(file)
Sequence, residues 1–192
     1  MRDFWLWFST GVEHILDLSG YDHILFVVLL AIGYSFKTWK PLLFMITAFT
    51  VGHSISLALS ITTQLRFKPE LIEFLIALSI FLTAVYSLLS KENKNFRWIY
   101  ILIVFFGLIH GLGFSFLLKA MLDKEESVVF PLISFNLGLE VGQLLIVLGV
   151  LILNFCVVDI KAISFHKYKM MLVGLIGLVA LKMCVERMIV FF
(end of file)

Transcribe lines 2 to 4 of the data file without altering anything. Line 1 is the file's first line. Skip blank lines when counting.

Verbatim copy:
     1  MRDFWLWFST GVEHILDLSG YDHILFVVLL AIGYSFKTWK PLLFMITAFT
    51  VGHSISLALS ITTQLRFKPE LIEFLIALSI FLTAVYSLLS KENKNFRWIY
   101  ILIVFFGLIH GLGFSFLLKA MLDKEESVVF PLISFNLGLE VGQLLIVLGV